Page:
Winter is here, bringing with it snow, ice, and frigid temperatures. This time of year can be particularly challenging for older adults, who are more vulnerable to illness and injuries associated with the harsh winter conditions. Stay safe and healthy this winter season with our helpful tips:
Avoid spreading germs
Cold and flu viruses circulate more frequently in the cold winter months. And unfortunately, cold and flu season can be downright dangerous for older adults. As we grow older, our immune system becomes slower to respond, making us more susceptible to health complications caused by the flu. One of the most important ways to avoid getting sick and spreading germs during cold and flu season is by keeping your hands clean. Wash your hands frequently with soap and warm water and scrub for at least 20 seconds. Talk to your doctor about getting a flu vaccine to help protect against the flu.
With age, our bodies have more trouble regulating temperature. In the colder months, this raises the risk of hypothermia. To stay warm this winter, be sure the thermostat in your home is set to 68 degrees or higher, and dress warmly on cold days, even if you aren’t going outdoors. If you do head outside, dress in layers and make sure to wear a hat, coat, gloves, and a scarf to protect against frostbite.
Eat healthy, balanced meals
During the colder months, it can be easy to fall into the habit of eating unhealthy, “comfort” foods. Make sure you are still eating a well-balanced diet to maintain good health. There are plenty of delicious fruits and vegetables that are in season in the winter, including cranberries, citrus fruits, broccoli, carrots, pears, sweet potatoes, and squash.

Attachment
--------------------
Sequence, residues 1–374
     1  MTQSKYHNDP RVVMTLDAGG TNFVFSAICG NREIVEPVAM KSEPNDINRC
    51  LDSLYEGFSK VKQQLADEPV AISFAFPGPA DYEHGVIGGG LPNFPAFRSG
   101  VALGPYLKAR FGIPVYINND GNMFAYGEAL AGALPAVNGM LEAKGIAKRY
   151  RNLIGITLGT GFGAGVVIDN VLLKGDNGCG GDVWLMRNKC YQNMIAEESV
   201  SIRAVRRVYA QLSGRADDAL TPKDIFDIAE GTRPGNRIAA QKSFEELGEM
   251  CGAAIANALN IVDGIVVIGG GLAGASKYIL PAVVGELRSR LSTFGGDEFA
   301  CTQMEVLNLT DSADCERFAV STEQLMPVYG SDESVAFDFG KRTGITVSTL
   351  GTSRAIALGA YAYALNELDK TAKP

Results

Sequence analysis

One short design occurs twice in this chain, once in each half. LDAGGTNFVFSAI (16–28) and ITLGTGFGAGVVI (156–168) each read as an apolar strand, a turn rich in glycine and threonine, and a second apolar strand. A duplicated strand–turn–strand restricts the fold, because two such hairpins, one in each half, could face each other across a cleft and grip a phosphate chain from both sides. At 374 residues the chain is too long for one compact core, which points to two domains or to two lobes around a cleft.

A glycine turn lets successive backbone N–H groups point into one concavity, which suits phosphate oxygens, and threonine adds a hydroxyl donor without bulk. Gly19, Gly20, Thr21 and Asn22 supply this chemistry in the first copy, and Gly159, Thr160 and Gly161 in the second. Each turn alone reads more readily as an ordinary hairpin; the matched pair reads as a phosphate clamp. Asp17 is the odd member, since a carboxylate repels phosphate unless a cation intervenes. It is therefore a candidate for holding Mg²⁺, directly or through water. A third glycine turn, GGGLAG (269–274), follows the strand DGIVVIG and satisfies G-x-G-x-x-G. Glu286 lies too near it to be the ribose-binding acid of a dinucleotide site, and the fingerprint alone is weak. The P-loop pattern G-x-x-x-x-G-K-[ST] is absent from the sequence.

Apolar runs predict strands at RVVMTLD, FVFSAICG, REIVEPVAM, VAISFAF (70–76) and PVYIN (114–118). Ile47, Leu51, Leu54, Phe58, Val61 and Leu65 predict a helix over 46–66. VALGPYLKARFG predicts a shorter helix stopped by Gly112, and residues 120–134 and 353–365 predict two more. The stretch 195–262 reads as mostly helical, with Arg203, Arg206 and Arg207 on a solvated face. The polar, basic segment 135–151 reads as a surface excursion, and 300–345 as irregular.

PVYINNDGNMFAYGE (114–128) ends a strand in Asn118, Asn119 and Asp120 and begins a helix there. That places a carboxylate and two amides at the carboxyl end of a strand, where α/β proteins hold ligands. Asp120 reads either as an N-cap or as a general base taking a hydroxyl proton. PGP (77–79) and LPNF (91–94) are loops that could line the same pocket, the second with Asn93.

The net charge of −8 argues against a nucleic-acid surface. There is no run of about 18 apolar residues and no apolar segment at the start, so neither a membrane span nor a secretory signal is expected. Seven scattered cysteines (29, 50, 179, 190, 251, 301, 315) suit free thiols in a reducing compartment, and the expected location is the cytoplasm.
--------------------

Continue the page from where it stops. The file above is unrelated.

Snowy and icy conditions can make parking lots, driveways, sidewalks, and other walking surfaces hazardous. To avoid the risk of fall or injury when walking on slippery surfaces, wear boots or shoes with good traction and non-skid soles. Be mindful of where you step and watch out for black ice, which can be hard to spot. Once you come indoors, remove your shoes at the door to avoid tracking slippery snow on the floor.
Due to frigid temperatures and traveling conditions, most of us tend to stay at home more during the cold winter months, which can lead to loneliness, social isolation, and even seasonal depression. To help fight the “winter blues,” it’s important to remain both physically and mentally active during the winter months, even when you’re stuck indoors. Keep in touch with friends and family with regular visits and phone calls. Set aside time to meet for coffee or run errands together. If you find yourself feeling lonely during the winter season, don’t hesitate to reach out for help. You might consider the benefits of moving to a retirement community, where you will have opportunities to connect with other retirees and make new friends every day.